Having eaten lunch with the zoology department at the Denver Museum of Nature and Science a few times, I’ve heard them speak on topics ranging from collecting poo to find dung beetles to pictures of “chupacabras” which various people have brought in for them to look at. It’s almost always just a dead dog or other animal which looks monstrous and frightening because, well, its flesh is decaying.

That’s why I had to raise my eyebrows when CNN did a piece on the so-called “montauk monster” and didn’t show the picture to a single qualified zoologist. Instead they showed the picture to people on the street who probably wouldn’t be qualified to identify the corpse. That’s not to say that they aren’t intelligent or aren’t sane, but indentifying animals does require a certain amount of expertise.

But, oh, right… zoology isn’t a real science. That’s why random people on the street have a much more valid opinion when they say that the “montauk monster” is an alien (later determined by someone on Science Blogs to be a racoon, but frustratingly I can’t find the link) than those ivory-tower elitists in their museums dissecting smelly animal corpses and in the wild collecting dung to search for species of beetles who say it’s just a rotting corpse.

But, alas, they finally did figure out it was just a rubber suit.

At that time we contacted Mr. Biscardi who gave us permission to begin an expedited melting process. We set up a salamander heater to heat the freezer. Within one hour we were able to see the partially exposed head, as I was now able to touch it, I was able to feel that it seemed mostly firm, but unusually hollow in one small section. This was yet another ominous sign. Within the next hour of thaw, a break appeared up near the feet area. As the team and I began examining this area near the feet, I observed the foot which looked unnatural, reached in and confirmed it was a rubber foot.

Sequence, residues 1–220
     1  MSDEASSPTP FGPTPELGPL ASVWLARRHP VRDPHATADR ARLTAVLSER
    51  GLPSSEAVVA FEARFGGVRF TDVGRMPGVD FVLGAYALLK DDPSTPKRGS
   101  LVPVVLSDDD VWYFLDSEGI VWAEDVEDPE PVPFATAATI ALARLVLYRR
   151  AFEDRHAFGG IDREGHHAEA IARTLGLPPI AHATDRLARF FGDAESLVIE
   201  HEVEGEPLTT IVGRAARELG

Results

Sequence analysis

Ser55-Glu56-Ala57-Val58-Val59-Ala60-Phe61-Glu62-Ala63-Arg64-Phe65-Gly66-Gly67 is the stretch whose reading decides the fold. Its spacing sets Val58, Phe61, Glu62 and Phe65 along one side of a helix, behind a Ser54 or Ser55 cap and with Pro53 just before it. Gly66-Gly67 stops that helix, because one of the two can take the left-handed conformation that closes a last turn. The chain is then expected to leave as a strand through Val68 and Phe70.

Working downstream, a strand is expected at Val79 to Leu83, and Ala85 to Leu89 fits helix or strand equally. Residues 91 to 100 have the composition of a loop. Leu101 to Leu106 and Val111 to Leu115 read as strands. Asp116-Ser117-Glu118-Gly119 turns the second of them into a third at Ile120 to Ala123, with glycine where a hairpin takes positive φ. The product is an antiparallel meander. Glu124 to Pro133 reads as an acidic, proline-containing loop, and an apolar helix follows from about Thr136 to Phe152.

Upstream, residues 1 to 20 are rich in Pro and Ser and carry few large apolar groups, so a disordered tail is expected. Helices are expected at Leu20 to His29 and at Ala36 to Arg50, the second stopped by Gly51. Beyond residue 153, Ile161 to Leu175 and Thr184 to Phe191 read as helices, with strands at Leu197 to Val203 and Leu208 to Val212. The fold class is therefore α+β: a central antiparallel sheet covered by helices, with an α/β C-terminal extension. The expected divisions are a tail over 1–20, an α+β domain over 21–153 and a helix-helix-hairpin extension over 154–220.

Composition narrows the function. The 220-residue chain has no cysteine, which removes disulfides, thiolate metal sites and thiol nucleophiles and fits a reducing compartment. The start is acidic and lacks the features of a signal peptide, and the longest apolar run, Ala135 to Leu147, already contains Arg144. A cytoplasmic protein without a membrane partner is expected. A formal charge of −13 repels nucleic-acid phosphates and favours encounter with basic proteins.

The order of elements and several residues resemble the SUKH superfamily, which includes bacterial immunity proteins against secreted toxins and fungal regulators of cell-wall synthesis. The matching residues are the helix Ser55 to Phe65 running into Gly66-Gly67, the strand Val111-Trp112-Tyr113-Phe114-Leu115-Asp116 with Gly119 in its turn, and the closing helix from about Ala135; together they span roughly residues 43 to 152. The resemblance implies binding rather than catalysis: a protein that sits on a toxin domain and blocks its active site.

At that point we immediately contacted, Tom Biscardi and advised him of the situation and he began to take action on his end. Later that day, Tom Biscardi informed us that both Matthew Whitton and Ricky Dyer admitted it was a costume.

I had to find the end of this account of what happened a tad ironic:

At this time the victim of this series of deceptions, Searching for Bigfoot, Inc., is seeking justice for themselves and for all the people who were deceived by this deception. Due to this event peoples lives have been disrupted and many people, so wanting vindication about there prior experiences were hurt. Let us all try to be mindful of such.

Granted, creating a hoax has to make you a bit of a jerk I guess, but perhaps it wouldn’t be such a let down if they had been, I dunno… more skeptical?

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4 Comments

  1. August 19, 2008 at 4:45 pm —

    My favorite bit of the whole reveal was that Biscardi employed a “Sasquatch detective.” I wish I could just make up my own job. I’d be Professor Of Everybody Gives Me A Dollar.

  2. Shivierie
    August 19, 2008 at 7:05 pm —

    There was a debate about the Montauk Monster on the skeptics guide forum, if you’re interested. Hang on, let me get the link.
    http://skepchick.org/skepticsguide/index.php/topic,12662.0/topicseen.html
    I think it starts on page 3, but I’m not sure

  3. FFFearlesss
    August 20, 2008 at 7:28 am —

    I can’t believe the red flag didn’t go up to ANYBODY in the news industry when, as they said by their own words, the people who found them weren’t just random tourists or police officers in the forest, but “Hobbyist Bigfoot Hunters.” Why didn’t that strike somebody, ANYBODY, at CNN as highly suspicious.

  4. August 20, 2008 at 8:49 am —

    That someone on ScienceBlogs is Tetrapod Zoology. The relevant post is here.